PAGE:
Breaking the stereotypes on the use of metal in façades
Sumit Dhawan, founder & principal architect, Cityspace' 82 Architects, discusses the use of metal in residential architecture
Façades determine visual identity, character and expression of architecture. The design and enchanting exteriors of a building impart a character to it and is a huge parameter for building performance. Building facades lie at the convergence of the outward and inward environment; forming an integral part of the building. They are the most difficult to design since the perception of iconic and technologically advanced facades is changing frequently. Besides technology, materials like metal, glass, concrete etc., used for the building skin are an integral yet singular aspect of the façade design.
It’s often seen that whenever an architect is talking about metal in facade, it is always correlated with commercial or institutional architecture. Few of the examples that come to mind are the Guggenheim Museum Bilbao by Frank Gehry done in titanium, Riverside Museum by Zaha Hadid, or The Sage Gateshead in the UK by Norman Foster. If the same is proposed in a residence by an architect, most of the clients’ apprehensions will be, it will look “commercial”.
The façade combines attributes of both appearance as well as superior performance in a manner unlike any other building system. The beneficial properties of metal are perfect for residential façades too. Aesthetically speaking, metal offers a unique modern rhythmic aesthetic to complement any building. Easily bent and configured to the specific design, it can be used as a lightweight decorative element or as a structural component in buildings. Metal roofs and wall panels can also be curved to create a unique and dynamic building appearance, hence amplifying its versatility. Not only can metal withstand harsh weather environments, it can also resource depletion due to its recyclability. Being an eco-friendly entity, metal minimises energy use, promotes sustainability, and invites innovation and creativity in terms of design. The concept is fast catching up in India but the changes go beyond skin deep alterations or a facelift. Apart from aesthetics, they also offer better functions.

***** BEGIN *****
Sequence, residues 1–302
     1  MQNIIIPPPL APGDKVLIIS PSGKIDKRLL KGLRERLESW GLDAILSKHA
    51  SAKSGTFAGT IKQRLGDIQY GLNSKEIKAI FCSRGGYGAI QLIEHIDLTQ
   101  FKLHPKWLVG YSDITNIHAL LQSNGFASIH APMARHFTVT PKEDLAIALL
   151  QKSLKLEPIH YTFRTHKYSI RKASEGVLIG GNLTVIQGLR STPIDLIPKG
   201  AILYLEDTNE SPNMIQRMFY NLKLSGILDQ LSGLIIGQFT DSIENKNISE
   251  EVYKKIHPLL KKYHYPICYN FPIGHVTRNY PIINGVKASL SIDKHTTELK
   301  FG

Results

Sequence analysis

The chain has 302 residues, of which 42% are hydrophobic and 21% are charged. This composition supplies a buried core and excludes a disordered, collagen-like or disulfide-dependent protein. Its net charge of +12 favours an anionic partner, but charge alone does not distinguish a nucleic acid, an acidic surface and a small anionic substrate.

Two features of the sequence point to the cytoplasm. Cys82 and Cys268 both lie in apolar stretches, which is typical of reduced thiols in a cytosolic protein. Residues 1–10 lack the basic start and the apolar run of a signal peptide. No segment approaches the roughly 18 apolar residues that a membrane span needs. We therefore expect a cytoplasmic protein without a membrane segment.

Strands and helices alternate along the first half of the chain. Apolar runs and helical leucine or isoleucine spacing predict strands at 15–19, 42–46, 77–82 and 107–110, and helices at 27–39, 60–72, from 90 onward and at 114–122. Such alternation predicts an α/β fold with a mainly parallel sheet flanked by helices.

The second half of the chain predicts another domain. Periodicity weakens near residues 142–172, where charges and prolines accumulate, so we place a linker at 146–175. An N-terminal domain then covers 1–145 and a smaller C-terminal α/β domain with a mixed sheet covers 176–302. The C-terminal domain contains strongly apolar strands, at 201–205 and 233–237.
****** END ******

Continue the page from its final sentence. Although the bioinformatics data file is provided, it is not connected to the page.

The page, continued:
Metal cladding encompasses a plethora of different materials, each with its own unique strengths and weaknesses. The choice of material will be influenced by a number of project-specific factors, including desired aesthetic, climatic conditions, chosen structural system, the nature of adjacent materials and the construction budget. The most common material options for metal cladding are galvanised steel, aluminium, stainless steel, zinc, copper, titanium etc. Designers are researching and experimenting with new and complex façade and fenestration technologies.
Along with the materials that furnish the look and feel of a building, technologies applied to facades are also changing. Investing in technologies like BIM allows designers distil options down to a set of criteria that meet the aesthetic ambitions of the project and its tactical requirements, ensuring that these are met with optimised environmental parameters. There has been a slow but very perceptible shift from the use of traditional masonry towards the use of compelling automation in façade and fenestration. Motorised shades, switchable windows that modulate daylight and solar heat transmissions, model predictive controls for optimised performance end-user comfort, satisfaction, and acceptance of automated façade systems are the various ways automation is incorporated in facades. These tools enable designers to explore the forms, real-time and derive key insights into the thermal, daylight and solar performance informing decisions pertaining to the building orientation, solar shading, glazing etc., and also saves the cost. Thus, metal façades combined with the right dose of technology can uplift the exterior of spaces & multiply their utility.